I love decorated cookies. Every Christmas and Valentine's Day, I start to see lots of cute ideas popping up on blogs- frosted snowmen, big red hearts, glittery snowflakes- and I always get inspired to bake.
And then I remember how much work it is. Ten minutes into planning out how many frosting colors I'll need and how much powdered sugar to buy, I give up and move on to oatmeal raisins, or something easier.
The only thing that can motivate me into making these is my husband, because they're (of course) his favorite. I recently bought a guitar shaped cookie cutter, and was excited to put it to use.
So here's a tutorial on making guitar cookies. I'll warn you, it's labor intensive. I give my final product a B, it's decent but it lacks that real professional, neat look. Maybe one of you out there might be able to execute a neater cookie. (If so, please tell me how!)
You will need:
- Sugar cookies that have been cut in the shape you want, and allowed to fully cool. I always use Carole Walter's Scalloped Sugar Cookies from her book Great Cookies. I've provided the recipe at the end of this post, but if you are a baker, I really recommend this book. It's spectacular.
- Flood icing, which is a thinner icing used for filling large areas of the cookies. I make mine with 2 cups of powdered sugar, 1 tsp corn syrup, and water. I start with 1 tbsp of water and keep adding in very small amounts until I reach the right consistency. The right consistency is when you can drip some icing back in the bowl with a spoon, and have it hold its shape for a second or two before it melts back in to the rest.
- Disposable decorating bags, couplers, and Wilton tips #1, 3, and 12.
Still with me? Let's get baking. These are my guitars, naked:
And this is what I used for inspiration- my husband's guitar collection, conveniently visible from the kitchen.
Step 1: Tint a small portion of your royal icing dark brown, and add it to a piping bag fitted with a #3 tip. Outline each guitar. The neck will be a different color from the body of the guitar, so draw a line separating the two, as shown:
Step 2: Tint another small portion of your royal icing black, and fill a piping bag fitted with a # 12 tip. Squeeze a black dot in the middle of each guitar. Reserve leftover black icing.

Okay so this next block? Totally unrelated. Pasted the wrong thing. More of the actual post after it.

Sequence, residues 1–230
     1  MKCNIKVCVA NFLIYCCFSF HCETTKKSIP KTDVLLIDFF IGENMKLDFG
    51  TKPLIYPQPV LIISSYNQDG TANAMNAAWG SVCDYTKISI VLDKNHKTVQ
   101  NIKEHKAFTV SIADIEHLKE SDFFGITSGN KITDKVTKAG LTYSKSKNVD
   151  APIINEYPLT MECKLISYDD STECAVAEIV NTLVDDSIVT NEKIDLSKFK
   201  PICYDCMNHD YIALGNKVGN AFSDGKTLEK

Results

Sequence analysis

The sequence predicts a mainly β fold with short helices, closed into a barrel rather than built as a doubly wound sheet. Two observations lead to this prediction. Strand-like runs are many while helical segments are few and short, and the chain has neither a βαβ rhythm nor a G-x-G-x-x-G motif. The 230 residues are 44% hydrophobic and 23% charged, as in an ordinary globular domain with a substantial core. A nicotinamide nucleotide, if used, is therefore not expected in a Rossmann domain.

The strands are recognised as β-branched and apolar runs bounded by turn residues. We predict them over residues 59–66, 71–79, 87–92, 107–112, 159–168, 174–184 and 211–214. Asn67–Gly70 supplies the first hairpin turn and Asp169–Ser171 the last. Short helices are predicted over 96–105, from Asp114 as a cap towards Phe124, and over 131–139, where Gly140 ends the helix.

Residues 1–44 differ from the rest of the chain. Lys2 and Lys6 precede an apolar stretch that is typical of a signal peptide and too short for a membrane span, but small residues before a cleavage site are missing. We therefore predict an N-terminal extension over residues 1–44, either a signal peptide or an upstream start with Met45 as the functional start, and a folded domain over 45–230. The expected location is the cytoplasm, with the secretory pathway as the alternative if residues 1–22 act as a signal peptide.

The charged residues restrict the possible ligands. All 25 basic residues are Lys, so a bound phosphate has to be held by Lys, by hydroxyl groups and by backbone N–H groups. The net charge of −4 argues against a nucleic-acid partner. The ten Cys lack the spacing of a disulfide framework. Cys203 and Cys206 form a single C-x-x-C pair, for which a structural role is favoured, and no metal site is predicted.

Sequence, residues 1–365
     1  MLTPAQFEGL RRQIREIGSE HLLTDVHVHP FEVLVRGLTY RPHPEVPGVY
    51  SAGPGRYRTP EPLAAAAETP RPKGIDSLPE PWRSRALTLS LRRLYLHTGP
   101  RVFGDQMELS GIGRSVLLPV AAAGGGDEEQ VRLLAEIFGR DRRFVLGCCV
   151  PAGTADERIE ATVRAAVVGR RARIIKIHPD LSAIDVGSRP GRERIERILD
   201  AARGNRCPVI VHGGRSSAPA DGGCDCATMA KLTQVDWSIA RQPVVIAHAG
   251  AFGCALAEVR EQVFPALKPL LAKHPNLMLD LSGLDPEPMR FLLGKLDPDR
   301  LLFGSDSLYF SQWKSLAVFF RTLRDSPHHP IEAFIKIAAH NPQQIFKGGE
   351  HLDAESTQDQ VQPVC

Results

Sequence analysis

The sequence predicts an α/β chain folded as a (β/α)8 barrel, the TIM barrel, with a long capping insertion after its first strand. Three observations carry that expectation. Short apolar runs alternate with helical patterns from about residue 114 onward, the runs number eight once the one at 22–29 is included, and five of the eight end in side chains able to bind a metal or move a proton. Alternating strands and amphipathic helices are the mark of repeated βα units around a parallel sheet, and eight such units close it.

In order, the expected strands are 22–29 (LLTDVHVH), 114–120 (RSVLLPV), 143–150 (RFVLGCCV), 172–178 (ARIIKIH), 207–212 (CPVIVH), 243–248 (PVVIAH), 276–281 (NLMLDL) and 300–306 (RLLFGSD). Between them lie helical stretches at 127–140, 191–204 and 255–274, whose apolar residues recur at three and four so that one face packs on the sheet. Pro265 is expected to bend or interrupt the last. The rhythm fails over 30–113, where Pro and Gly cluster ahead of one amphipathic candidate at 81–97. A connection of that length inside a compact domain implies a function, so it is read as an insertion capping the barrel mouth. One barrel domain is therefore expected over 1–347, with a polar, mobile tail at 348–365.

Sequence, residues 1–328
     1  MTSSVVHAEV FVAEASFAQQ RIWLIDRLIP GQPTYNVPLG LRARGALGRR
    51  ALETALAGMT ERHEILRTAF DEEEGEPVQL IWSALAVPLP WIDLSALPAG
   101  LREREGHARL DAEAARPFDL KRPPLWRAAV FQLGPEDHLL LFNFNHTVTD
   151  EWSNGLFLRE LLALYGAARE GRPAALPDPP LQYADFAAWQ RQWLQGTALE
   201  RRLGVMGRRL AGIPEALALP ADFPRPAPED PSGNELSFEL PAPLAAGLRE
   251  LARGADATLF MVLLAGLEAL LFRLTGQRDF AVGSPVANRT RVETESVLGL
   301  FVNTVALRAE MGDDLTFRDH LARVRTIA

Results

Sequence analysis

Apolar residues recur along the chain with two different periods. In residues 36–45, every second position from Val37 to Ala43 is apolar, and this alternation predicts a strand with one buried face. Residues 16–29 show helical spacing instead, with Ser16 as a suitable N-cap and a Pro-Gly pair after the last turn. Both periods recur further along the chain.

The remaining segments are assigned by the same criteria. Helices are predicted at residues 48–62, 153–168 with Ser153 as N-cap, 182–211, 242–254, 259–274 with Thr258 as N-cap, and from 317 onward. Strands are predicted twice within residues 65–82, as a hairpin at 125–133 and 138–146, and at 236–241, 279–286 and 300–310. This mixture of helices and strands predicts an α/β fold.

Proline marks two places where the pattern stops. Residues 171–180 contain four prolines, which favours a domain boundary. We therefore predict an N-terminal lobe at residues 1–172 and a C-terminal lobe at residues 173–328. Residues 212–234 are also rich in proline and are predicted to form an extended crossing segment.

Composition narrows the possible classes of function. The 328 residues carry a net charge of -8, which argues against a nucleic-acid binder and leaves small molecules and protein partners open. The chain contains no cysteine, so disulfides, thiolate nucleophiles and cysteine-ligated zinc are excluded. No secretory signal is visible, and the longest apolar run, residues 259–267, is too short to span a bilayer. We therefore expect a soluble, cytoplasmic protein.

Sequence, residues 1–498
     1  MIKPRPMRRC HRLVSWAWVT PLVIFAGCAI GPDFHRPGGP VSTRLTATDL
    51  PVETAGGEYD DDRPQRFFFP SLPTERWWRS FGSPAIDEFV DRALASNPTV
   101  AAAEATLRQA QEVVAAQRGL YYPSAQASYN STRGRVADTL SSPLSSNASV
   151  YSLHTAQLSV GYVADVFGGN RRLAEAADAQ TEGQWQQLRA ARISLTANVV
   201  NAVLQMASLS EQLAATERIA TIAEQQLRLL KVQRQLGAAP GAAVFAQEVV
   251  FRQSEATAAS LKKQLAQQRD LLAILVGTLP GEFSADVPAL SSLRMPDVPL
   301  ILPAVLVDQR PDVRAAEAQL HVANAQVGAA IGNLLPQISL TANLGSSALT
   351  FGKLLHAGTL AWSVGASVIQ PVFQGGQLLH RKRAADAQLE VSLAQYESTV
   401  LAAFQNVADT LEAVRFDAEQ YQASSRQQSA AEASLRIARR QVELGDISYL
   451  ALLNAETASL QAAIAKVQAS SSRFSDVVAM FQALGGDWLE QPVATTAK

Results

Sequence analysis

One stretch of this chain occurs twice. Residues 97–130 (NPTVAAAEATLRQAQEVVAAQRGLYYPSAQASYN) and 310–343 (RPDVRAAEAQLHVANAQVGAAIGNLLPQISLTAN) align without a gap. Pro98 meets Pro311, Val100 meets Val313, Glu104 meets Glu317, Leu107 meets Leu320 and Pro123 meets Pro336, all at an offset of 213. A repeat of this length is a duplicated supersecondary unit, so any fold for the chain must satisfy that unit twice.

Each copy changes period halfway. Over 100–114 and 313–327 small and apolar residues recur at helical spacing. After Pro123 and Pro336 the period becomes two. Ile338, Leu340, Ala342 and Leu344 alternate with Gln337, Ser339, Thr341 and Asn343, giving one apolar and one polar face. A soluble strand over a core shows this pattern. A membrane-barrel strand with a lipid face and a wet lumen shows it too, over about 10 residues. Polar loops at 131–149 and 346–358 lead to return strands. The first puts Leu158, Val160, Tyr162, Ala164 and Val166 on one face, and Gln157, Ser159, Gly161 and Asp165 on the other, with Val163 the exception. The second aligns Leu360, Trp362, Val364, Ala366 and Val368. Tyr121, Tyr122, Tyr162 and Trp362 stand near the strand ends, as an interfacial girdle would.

Step 3: Make a big batch of flood icing. Tint half of it medium brown, and half dark brown. Fill the neck of the guitar with dark brown, and the body with medium brown.
Step 4: Get tired and annoyed when you drop your favorite mixing bowl and it shatters on the floor, ruining your icing and mood. Wonder why you started this monstrosity of a project. Grab a beer and annoy your husband while he cleans junk out of his closet. Drink, but don't help him at all.
Done! Enjoy your cookies.
Neil's Scalloped Sugar Cookies,from Carole Walter's Great Cookies
1 3/4 cups flour
3/4 cup confectioner's sugar
2/3 cup (1 and 1/3 sticks) unsalted butter, cubed and very cold
3 large egg yolks
1 tsp vanilla extract
1 or 2 tsp cold water as needed
Combine flour, sugar, butter in bowl of food processor, fitted with the steel blade. Pulse to combine, then process for approximately 10 seconds, until the mixture is the texture of fine meal (it will look crumbly and not much like dough).
Combine the yolks and vanilla in a bowl, and add to the processor's work bowl. Pulse to combine, and then process for about 10 seconds until a mass forms. If it looks very dry, add a tsp of water. Empty the dough out onto a lightly floured surface and shape into a disk. It will seem rather dry and crumbly. Don't worry.
Wrap in plastic wrap and refrigerate for 1 hour or up to 3 days. You can freeze dough at this point.
To bake: Preheat oven to 350. Line cookie sheets with foil.
Working with 1/4 of the dough at a time, roll out on floured surface until about 1/4 or 1/8 inch thick. Using your cookie cutters, cut into your desired shapes.
Place on cookie sheet and bake for 10 to 12 minutes, until edges are golden brown.
Cookies can be frozen for a month or two. To refresh, simply defrost and bake in a 350 degree oven for 5 minutes.